Erie did indeed acquire a National Public Radio station much to her pleasure back then. She became a faithful listener and supporter. “One of my treasures,” she’d say, then repeating Missoula’s magic morning from the grand tour. “We were escorted by Mozart one morning and drove to the sun, the next.”

From our recurring series published across our family of blogs and titled, "Aunt Bea's Plymouth." This vignette, an entry in Montana Public Radio's recent short story contest, was written to comply with the station's rule to celebrate its 50th anniversary. 

Wednesday, April 15, 2015

Here's Route 6 from VISIT PENNSYLVANIA

U.S. Route 6, which stretches for more than 420 miles in Pennsylvania, is lined with vast forests, fertile farmland and understated small towns.

View how local photographers interpret Pennsylvania’s natural landscape at The Potter County Artisan Center in Coudersport, which displays images of the PA Wilds by award-winning photographer Curt Weinhold and other local shutterbugs. Visitors can also shop for jewelry, books, treats and handicrafts created by other Potter County artisans.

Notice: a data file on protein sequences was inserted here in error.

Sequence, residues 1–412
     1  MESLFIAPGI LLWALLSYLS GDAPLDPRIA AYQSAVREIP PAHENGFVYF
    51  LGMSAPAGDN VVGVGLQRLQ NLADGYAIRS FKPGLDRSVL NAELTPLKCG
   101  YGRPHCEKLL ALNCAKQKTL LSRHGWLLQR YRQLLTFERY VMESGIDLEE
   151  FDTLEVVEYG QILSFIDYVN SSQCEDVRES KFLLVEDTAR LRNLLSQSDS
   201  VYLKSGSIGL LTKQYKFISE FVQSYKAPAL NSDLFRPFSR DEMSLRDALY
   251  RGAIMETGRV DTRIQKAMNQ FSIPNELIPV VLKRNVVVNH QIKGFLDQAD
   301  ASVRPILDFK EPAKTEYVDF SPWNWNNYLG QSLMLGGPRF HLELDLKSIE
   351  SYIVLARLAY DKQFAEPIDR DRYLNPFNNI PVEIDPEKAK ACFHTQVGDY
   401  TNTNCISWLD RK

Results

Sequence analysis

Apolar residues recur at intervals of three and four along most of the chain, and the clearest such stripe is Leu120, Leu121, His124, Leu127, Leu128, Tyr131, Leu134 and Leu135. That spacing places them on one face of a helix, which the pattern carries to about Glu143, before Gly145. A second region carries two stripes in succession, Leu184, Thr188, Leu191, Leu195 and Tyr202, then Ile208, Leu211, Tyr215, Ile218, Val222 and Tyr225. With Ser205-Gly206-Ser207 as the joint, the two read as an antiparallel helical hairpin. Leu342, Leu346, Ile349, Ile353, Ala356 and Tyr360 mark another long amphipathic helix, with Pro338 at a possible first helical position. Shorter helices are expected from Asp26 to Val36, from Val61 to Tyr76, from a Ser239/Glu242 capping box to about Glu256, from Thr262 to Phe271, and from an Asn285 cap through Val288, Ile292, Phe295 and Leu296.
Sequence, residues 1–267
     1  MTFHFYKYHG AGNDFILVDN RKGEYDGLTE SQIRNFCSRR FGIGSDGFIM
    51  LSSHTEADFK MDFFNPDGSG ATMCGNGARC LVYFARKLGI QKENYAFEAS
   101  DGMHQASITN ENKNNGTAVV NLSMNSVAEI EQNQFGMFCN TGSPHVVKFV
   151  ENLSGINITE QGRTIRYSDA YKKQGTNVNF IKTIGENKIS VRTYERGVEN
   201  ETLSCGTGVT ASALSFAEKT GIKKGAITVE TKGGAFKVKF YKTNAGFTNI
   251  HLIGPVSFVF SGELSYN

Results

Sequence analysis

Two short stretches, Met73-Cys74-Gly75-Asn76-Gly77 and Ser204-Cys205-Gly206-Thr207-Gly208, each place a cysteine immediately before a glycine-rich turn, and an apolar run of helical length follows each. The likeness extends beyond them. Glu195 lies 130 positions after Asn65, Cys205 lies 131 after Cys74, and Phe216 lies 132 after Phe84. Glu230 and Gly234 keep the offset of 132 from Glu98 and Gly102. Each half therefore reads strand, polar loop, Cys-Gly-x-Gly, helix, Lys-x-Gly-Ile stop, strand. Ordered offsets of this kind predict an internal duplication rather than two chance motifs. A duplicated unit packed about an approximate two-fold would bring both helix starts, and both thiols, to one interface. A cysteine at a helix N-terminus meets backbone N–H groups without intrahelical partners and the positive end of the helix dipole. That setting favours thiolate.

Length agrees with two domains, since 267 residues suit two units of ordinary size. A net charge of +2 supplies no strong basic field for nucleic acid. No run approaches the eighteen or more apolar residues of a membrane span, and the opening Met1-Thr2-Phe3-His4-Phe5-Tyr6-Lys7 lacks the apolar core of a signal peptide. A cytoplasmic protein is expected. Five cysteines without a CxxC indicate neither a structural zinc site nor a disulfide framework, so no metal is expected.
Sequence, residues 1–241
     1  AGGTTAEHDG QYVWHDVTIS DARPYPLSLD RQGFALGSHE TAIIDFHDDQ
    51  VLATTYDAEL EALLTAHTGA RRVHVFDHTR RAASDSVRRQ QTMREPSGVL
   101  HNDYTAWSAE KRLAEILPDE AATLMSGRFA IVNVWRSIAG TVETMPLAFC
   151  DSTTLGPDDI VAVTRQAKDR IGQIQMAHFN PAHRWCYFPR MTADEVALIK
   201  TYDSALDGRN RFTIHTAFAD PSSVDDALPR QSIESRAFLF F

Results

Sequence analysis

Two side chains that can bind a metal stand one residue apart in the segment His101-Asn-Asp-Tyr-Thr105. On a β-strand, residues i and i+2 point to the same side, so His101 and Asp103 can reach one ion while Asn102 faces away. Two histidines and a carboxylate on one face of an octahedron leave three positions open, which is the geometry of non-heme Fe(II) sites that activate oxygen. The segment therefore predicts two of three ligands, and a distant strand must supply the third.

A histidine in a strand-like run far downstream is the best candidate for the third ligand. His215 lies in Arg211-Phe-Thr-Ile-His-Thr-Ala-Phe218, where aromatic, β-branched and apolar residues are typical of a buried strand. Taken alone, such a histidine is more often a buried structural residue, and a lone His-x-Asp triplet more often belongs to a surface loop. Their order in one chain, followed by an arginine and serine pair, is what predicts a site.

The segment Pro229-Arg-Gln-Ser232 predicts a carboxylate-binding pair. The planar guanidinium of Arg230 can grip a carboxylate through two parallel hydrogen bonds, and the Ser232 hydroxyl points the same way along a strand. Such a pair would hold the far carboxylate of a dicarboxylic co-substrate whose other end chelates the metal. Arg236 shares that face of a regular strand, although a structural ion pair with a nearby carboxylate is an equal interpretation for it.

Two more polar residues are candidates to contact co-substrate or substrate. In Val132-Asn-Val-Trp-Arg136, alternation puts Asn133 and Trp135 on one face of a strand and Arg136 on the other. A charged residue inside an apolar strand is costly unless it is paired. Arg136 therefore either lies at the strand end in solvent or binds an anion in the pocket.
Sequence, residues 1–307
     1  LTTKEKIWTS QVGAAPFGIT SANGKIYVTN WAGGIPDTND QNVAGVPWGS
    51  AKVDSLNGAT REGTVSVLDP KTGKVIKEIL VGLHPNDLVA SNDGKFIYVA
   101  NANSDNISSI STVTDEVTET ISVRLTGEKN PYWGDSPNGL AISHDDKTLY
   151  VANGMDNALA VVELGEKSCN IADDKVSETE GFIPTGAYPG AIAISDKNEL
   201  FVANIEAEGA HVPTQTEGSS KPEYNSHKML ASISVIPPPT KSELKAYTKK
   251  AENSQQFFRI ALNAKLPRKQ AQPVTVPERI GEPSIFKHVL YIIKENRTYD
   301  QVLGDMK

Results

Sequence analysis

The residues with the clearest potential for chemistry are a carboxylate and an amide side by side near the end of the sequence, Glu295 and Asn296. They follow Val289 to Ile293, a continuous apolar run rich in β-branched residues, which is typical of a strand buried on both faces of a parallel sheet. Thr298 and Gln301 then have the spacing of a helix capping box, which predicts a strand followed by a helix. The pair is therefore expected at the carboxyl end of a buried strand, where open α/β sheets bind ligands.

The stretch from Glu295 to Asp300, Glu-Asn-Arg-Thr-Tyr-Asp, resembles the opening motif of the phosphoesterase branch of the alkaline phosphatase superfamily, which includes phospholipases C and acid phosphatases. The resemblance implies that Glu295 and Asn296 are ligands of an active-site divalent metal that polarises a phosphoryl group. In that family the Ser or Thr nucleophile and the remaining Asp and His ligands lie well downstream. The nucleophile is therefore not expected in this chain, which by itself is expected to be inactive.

Christian Dorflinger’s elegantly cut lead crystal adorned the tables of U.S. presidents, including Abraham Lincoln and Woodrow Wilson. See the largest collection of his work at the Dorflinger Glass Museum in the tiny village of White Mills and meander the walking trails within the serene 600-acre wildlife sanctuary that surrounds the museum.

Pick up some special stationery at Laughing Owl Press’ gift shop in Kane. The old-fashioned letterpress printing company ships its creations all over the world.

Sweet-smelling natural soaps are made at Sea Hag Soaps & Art Mercantile in Brackney (located in Susquehanna County). Locals love their natural formulas, commitment to local ingredients and delightfully named concoctions like “Plumeria — I Wanna Marry Ya” and “Prudish Potpourri.”

The Endless Mountains’ fiber artisans are the stars at The Home Textile Tool Museum in Rome — where you can try out old-fashioned spinning wheels, looms, and tools — and at Quilter Corners of Wyalusing, a self-guided driving tour of barns, businesses, homes and historic sites festooned with handmade quilts.